Regular headphones with more gain work for people with more horizontally looking loss. That’s why you’re going to hear them saying how regular headphones work fine for them, better than HAs for music, because they have bigger speaker and are made for music, after all.

However, there’s zero things for cookie bite losses and reverse slope losses and any other exotic ones, since they’re rare. We don’t even have formula, and are considered really hard to fit.

Rare means that there’s some numbers about ‘one in several thousand’. Or ‘I saw this 6 times in my life as a fitter’. Or from currently active members here I’m the only active one here with RSHL and I think I saw one cookie bite.

But even if they/we are rare, since no one is thinking about us, having gadget we could adjust to our loss, and I mean really adjust, would be a game changer.

So, give 200Hz steps or so from 400Hz up to 5-6k (speech is I think 1-4k, I guess singing goes higher, check), and cover from 20Hz to 16kHz (lower end 50hz steps, higher maybe 400-500), and add portable microphone and you’ll have better HA than bunch on the market :joy:

Music is definitely more dynamic than ordinary speech, and they differ a lot between genres.

No HA works with that afaik.

Of course, you could have normal (with 6 handles) and advanced (with all of them) view for EQ.

Only reason why I didn’t bought your gadget as a solution I was looking for as a person with unilateral hearing loss is because expected release is mid next year, and I want/need to hear now, and I’m buying two HAs instead of one because I couldn’t find other (convenient) solution. Plus they should work better together, but that I didn’t manage to test throughly yet.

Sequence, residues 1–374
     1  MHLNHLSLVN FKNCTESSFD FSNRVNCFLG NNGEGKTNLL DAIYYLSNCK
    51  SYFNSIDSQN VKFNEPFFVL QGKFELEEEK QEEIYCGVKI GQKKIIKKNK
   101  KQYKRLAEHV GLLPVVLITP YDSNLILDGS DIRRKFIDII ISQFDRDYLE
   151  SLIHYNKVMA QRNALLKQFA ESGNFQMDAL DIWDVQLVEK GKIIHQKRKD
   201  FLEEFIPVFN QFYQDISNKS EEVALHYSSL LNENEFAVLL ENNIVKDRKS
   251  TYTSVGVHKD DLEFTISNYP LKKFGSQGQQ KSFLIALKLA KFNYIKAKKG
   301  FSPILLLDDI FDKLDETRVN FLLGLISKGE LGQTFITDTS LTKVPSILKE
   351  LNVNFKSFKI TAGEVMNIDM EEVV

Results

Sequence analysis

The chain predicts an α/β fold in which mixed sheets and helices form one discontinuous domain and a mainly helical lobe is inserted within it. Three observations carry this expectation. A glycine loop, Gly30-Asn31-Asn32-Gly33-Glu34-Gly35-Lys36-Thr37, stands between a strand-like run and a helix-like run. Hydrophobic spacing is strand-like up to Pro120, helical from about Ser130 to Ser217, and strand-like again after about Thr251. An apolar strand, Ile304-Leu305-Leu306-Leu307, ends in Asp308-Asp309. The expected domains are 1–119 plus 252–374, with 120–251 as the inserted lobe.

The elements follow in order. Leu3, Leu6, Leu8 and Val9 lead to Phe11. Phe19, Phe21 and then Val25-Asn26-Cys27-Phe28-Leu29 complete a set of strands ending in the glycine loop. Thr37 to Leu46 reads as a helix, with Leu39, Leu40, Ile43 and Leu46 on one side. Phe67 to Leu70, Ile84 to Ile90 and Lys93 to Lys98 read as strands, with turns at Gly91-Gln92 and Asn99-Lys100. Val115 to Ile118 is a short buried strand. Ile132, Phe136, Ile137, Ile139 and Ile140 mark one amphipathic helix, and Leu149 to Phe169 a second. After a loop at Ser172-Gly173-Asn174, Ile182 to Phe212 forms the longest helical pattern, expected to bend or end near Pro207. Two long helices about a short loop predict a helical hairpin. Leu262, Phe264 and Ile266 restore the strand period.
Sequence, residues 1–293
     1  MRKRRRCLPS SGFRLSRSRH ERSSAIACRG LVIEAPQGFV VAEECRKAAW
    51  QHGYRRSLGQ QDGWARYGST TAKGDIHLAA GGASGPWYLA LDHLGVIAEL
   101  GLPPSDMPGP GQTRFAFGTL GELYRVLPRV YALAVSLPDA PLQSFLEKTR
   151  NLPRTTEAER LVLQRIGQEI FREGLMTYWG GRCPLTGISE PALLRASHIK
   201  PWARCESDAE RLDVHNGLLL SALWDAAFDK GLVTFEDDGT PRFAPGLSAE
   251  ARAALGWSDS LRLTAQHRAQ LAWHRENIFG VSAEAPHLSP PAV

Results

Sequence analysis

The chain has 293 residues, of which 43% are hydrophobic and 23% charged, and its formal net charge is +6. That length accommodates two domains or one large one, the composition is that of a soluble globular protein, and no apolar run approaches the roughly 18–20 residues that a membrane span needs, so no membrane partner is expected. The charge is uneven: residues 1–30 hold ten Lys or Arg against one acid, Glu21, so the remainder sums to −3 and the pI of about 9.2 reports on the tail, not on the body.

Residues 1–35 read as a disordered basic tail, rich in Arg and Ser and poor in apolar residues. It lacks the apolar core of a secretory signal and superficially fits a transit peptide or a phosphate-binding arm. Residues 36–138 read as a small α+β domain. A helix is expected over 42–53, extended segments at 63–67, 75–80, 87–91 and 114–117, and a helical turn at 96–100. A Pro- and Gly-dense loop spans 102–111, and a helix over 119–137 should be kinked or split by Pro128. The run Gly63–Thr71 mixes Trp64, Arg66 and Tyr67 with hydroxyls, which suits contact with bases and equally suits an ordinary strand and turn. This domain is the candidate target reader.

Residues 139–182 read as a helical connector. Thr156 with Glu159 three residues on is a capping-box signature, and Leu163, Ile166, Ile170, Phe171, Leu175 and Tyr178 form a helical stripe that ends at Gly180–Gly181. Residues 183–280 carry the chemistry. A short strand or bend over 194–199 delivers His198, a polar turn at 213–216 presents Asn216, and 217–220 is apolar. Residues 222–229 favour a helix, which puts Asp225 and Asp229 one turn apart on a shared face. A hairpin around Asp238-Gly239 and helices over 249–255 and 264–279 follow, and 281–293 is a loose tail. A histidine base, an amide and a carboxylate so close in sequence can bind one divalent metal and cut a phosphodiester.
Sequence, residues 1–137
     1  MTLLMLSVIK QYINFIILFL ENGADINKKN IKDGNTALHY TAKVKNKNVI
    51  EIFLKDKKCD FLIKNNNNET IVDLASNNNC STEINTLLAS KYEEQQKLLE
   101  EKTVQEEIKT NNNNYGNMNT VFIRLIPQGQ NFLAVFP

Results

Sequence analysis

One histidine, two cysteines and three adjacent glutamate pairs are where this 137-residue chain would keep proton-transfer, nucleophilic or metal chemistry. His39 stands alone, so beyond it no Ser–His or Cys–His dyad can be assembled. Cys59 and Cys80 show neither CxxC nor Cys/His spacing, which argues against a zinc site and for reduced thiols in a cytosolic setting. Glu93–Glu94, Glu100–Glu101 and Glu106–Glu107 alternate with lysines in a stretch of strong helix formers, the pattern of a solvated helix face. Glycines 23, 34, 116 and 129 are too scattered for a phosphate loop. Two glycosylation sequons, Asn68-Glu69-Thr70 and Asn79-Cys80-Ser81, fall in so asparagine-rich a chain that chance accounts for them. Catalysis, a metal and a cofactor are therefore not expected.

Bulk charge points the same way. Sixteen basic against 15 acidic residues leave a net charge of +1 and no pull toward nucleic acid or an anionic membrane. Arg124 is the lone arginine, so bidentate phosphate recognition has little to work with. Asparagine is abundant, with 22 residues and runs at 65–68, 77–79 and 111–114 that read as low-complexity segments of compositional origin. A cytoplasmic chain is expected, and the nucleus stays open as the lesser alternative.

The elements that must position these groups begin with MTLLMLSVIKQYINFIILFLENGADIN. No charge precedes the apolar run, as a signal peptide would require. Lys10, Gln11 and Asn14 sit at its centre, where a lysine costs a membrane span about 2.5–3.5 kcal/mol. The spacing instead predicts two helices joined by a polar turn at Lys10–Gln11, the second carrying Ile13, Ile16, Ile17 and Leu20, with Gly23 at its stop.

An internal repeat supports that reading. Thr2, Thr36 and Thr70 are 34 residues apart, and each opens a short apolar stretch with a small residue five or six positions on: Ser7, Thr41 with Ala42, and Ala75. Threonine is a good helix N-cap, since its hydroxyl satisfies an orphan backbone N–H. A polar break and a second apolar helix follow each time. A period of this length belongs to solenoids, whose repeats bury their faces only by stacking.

And I saw that people say that tcoil sound quality is inferior to BT (not because of buzz but also in ideal conditions).

However, if you think about offering BT (one ear) + wire option (second ear), think about latency. It’s horrible :joy:

There’s a ‘solution’ of roger select iN for marvels plugged in a mic+audio splitter and additional mic works the best. Buy you need bunch of wires, very specific HA and roger tech is proprietary. It can be modded with custom made splitter (since there’s available on the market) to work for unilateral loss, but your gadget is definitely more elegant solution that works for wide range of HAs.

I really like the idea!

So, I’d say, focus on improving tcoil as much as is possible. BT on both ears should be ok. But warn people with unilateral loss what to expect, so that they don’t get angry :joy:

Plus, think about longer battery life or making option with swappable battery (just give us doors, battery pack and charger would be insanely better solution to bunch of others with built in batteries). 6h isn’t a lot for someone working on video conference calls for example. And if they want to play music after work, no juice anymore. And let’s not forget, those 6h won’t be 6h after a few years of usage. HAs are made to last 4-6 years, with good care even longer. Most of people don’t change HAs like many people change phones - every 1-3 year (ok, people here mostly don’t change phone on yearly base either).
And let’s not forget, if you have to pay for them yourself, it’s several thousand dollars.

So I think we here are thinking about longevity much more than regular gadget lovers.

I guess also buying two-three and make them work with the same app wasn’t planned by design. I see people often go buying several battery-based things (like microphones) if they need to cover longer periods of time. But it’s built in HA apps or HA themselves that we can use several mics.